I am sorry to report that Rod Robins, rancher and owner of the Buchanan thunderegg pits in Burns, Oregon, passed away on December 1st 2012 at the young age of 66. Rod was a great guy, once you got to know him. He once described himself to me as “just another crazy, crusty old &*%!”, but the truth was that he was kind, fair, and generous with us rockhounds the past few years. Rod started digging the thundereggs with the “Geode Kid”, Paul Colburn, in the early 1970s. He told a story of how he came to meet Paul; as Paul was searching the ridge top on the ranch for signs of thundereggs (he had started a pit across the road which he eventually called “Secret Ridge”), Rod’s mother saw him, and the roared over to where Paul was digging, pointed a loaded shotgun at Paul, telling him to get the #^!% off my property!”. Rod intervened (he said that his mother would never have fired a shot but Paul looked like he was going to pass out on the spot), and the two became fast friends. Paul introduced Rod to the world of thundereggs, which Rod had thought were just more worthless rocks getting in the way of the cattle, and soon the two were digging eggs by hand and later with the family tractor and “blowing lots of stuff up” in the pits :)
Rod dug a lot of eggs over the years, taking truck loads to the rock shows in Arizona and dumping them on the ground for people to pick through. He opened the pits to rockhounds on and off over the years but hadn't had any groups over since the early 1980s until I talked to him and set up a trip in Sept. 2011. We met while I was taking some fellow thunder-nuts Peter Woerner from Heidelberg, Germany, and John Stockwell, from Berkley CA, to dig eggs in eastern Oregon and Idaho. We went up the ridge across the road from Rod's camp to have a look at the Secret Ridge pit (we had no idea it was on Rod’s neighbor’s property, which adjoins BLM land right at the pit). Rod spotted us and came roaring up the hill in his pickup and shouted at us asking what the hell we were doing. One look at the two rifles in his truck (for the mountain lions, he said, which was just one of his many tall tales), and I thought he was serious. He wasn't - after 5 minutes he called the neighbors and we were given permission to poke around in the pit. 45 minutes later (Rod loved to talk, and talk, and talk), and it was all smiles and we had agreed to arrange a trip for the rockhounds that September. He said he would have had people over to dig years ago but nobody had asked, something that we've been pretty successful with – most of the time we are met with cautious enthusiasm from the ranchers. I will never forget preparing for that trip, 3 days of Rod digging the pits with a rented backhoe and me running around trying to pick out eggs to toss onto piles. This was while he swung the backhoe bucket around over my head and screamed at me to get the hell out of the way while pointing to eggs for me to pick up eggs right under it! The response from the rockhounds was almost overwhelming, I gave up counting after the first 150 people the first day of the dig. After that were two more trips, Memorial Day and Labor Day 2012, both of which were well attended and very successful.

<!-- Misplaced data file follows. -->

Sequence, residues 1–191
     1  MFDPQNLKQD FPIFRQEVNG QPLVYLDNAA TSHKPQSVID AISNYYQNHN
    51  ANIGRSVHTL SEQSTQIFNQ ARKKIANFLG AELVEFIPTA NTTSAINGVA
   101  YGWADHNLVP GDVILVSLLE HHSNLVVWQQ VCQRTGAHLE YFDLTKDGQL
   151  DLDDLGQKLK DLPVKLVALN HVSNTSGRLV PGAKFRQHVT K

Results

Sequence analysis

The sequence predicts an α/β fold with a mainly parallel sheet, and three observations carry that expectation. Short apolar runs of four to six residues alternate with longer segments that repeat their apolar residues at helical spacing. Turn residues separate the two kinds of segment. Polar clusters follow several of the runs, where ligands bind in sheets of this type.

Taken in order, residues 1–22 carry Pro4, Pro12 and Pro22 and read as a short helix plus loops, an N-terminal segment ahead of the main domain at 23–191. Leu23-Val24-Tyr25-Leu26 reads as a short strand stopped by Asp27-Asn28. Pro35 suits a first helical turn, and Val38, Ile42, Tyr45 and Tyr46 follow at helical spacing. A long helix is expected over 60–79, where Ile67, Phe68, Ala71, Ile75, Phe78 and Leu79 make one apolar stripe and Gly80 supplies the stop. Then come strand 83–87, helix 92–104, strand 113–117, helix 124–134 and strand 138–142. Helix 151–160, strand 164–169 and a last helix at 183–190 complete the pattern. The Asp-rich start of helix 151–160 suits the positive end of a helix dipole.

Unfortunately, the status of the ranch is now uncertain, what I do know is that the new owner hasn't granted anyone permission yet. I am guessing that the public digging is over with in the short term, and most likely has ended for the long term if we aren't successful in getting permission. All who have met Rod these past 2 years will be sad to see him go, and we owe a debt of gratitude to him for letting us have the experience of collecting his beautiful thundereggs.
(and a couple from my collection) Truly unique and tremendous variety for a site!